You love hunting with your boyfriend or husband, your dad, or the guy that’s been your best friend since 1st grade. But...
...if you’ve never been hunting without a guy by your side, it’s time to cut the cord at least ONCE! You know what you’re doing, and even if you don’t feel totally confident right now, planning to hunt on your own will push you to figure it out.
We can all appreciate a guy that wants to help. However, sometimes, because the guy is afraid to see you fail, he takes over when you need to be learning by doing. Get out on your own for one or two hunts this fall to reach a new level of self-reliance.
Learn where to scout hunting spots
You get to decide where to look for deer and where to set up your blind or stand. Also, if you decide last minute you want to go to that other spot, there’s no one to tell you no. As long as you update someone with your plan, you can go wherever you want. For your first solo hunt, you’ll want to go places you know fairly well. However, if you decide to explore a new area, you'll develop or fine tune your scouting skills to discover new spots.
Learn new skills
You always want to be improving. When you go it alone, it’s up to you and only you to get the job done. Planning a solo trip will motivate you to plan specifics, ask other hunters questions, watch skills videos, read recommendations, and practice. And don’t forget the first aid, including wilderness first aid courses.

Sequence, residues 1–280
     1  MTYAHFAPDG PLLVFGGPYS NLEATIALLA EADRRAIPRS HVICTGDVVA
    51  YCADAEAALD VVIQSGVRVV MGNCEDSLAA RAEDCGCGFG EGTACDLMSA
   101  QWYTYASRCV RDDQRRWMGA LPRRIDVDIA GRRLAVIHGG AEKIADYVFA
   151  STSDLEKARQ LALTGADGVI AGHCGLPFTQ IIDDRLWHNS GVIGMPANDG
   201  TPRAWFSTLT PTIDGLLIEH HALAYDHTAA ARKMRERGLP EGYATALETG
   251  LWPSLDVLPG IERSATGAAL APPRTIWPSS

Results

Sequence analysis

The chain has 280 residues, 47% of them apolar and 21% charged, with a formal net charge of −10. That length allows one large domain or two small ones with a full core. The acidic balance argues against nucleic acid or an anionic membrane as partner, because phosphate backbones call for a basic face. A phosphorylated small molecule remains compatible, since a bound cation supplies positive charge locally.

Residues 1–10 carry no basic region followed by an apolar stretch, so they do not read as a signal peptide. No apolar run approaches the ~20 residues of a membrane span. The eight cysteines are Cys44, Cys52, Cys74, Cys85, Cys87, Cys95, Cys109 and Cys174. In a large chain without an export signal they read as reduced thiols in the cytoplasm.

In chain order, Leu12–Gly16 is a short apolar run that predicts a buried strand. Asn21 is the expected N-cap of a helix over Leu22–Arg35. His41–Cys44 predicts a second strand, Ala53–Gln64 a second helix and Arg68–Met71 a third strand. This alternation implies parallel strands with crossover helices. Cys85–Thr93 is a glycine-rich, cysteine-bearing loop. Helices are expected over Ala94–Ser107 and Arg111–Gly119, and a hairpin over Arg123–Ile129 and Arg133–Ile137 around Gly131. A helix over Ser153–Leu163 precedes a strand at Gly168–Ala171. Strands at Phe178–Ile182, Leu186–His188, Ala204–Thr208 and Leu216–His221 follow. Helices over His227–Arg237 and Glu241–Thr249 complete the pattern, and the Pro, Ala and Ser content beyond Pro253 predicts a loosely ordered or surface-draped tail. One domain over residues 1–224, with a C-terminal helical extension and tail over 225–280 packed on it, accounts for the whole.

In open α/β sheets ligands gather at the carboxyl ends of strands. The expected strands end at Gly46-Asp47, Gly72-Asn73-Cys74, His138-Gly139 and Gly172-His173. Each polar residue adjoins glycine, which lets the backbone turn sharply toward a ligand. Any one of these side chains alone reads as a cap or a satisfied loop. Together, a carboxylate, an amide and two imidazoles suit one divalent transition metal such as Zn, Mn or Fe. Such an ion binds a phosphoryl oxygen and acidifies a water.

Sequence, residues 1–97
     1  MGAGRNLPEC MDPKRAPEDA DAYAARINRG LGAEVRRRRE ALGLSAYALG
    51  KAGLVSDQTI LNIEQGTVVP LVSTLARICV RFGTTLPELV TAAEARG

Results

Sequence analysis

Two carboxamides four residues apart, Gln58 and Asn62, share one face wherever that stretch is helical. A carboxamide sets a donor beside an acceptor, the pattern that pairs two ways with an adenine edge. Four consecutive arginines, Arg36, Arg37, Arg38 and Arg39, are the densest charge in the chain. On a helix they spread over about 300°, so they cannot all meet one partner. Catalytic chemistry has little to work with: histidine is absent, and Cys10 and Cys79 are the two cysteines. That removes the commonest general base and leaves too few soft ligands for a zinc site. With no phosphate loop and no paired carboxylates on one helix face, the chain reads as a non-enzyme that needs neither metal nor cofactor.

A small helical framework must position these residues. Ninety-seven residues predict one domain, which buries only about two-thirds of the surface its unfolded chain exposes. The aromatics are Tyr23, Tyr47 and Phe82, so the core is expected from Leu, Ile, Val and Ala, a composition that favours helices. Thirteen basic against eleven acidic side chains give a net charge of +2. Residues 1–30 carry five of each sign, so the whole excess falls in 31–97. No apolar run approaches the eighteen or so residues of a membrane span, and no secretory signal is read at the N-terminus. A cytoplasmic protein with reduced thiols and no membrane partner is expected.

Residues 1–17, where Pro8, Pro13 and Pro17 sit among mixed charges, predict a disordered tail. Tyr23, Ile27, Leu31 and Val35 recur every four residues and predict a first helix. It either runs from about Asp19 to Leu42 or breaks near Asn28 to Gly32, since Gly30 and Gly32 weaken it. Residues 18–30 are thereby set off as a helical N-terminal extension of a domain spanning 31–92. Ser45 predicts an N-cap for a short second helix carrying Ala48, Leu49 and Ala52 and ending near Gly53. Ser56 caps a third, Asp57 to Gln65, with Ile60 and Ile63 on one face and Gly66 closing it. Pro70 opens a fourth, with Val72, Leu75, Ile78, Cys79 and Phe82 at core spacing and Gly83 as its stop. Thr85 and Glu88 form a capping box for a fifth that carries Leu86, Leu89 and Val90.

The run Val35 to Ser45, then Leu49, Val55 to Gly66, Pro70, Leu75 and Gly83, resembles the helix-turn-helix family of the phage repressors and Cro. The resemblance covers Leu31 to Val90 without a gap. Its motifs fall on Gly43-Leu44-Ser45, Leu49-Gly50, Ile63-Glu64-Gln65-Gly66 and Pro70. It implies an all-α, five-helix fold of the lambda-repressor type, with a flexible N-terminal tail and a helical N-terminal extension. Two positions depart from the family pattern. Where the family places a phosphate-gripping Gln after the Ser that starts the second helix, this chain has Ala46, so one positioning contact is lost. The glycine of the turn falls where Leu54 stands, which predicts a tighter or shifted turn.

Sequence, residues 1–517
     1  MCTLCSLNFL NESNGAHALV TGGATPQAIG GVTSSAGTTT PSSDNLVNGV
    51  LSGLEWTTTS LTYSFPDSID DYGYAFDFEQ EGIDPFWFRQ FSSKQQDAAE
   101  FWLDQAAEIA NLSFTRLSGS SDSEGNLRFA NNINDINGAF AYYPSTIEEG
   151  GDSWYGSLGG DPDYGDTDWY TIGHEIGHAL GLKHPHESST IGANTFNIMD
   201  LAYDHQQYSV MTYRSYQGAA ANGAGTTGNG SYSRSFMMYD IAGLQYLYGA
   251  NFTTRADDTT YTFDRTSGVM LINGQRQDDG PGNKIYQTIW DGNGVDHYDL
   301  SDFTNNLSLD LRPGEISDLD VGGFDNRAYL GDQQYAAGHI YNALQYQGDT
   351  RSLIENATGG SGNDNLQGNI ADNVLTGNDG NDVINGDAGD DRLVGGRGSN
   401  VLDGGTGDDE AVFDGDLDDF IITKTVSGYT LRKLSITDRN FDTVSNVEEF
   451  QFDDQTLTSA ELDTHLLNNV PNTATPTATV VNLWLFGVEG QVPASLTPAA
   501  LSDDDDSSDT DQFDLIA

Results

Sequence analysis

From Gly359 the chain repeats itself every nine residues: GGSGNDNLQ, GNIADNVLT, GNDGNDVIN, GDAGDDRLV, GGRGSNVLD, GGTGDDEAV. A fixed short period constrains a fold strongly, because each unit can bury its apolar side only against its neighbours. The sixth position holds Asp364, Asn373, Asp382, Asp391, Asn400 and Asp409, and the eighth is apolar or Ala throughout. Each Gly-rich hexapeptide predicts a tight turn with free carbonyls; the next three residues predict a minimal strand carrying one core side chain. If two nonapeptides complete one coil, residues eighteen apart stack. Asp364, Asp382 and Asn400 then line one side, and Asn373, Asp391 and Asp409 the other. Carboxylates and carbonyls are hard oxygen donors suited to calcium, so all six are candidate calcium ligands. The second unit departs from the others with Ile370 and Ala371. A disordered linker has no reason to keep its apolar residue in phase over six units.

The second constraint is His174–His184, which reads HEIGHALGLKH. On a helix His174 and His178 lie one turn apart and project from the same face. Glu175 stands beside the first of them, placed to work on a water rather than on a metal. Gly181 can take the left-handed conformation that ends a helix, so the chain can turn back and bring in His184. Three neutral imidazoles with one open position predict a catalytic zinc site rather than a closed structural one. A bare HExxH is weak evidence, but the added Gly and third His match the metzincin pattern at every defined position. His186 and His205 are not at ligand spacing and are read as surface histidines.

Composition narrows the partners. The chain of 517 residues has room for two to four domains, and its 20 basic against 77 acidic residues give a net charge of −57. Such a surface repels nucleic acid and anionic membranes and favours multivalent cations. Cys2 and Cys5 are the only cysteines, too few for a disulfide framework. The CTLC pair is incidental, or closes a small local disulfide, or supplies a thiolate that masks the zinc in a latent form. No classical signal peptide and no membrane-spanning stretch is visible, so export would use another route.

Try new gear
In order to be fully self-reliant, you’ll have to have to borrow or buy all the gear needed to pull off a hunt alone. Maybe you have to buy a blind or a deer stand. Perhaps you’ve been meaning to get that perfect pack for hauling out a harvest. So, whether you’ll be dressing a bird or gutting a deer, you’ll be particularly proud of your solo kill.
Open your eyes and ears
You’d be surprised to learn how distracted you are by even just one other person. Heading into the woods alone means your eyes and ears will be focused on the task at hand, not where someone else is or what they are doing. Maybe you'll notice a deer trail you hadn’t seen before or you'll take time to watch a Belted Kingfisher swoop over a stream. Whatever it is, you’ll be pleasantly surprised by these new experiences.
Do things on your own schedule
When you hunt on your own, you don’t have to worry about someone else’s work schedule. Sure, you might have to coordinate with the babysitter or your significant other, but you’re calling all the shots.
Clear your mind
Sometimes, you just need to get away from people. And responsibilities. And demands. And everything. So get your ass into the woods and do your favorite things.
Tell us about your first solo hunt on Facebook!One last note: You should always take precautions to be safe when heading into the field. Tell someone your trip plan and when to start worrying if you’re not back by a certain time. Be sure to do all the things you normally to do stay safe, too like bringing your first-aid kit, map and compass, bear spray, etc.
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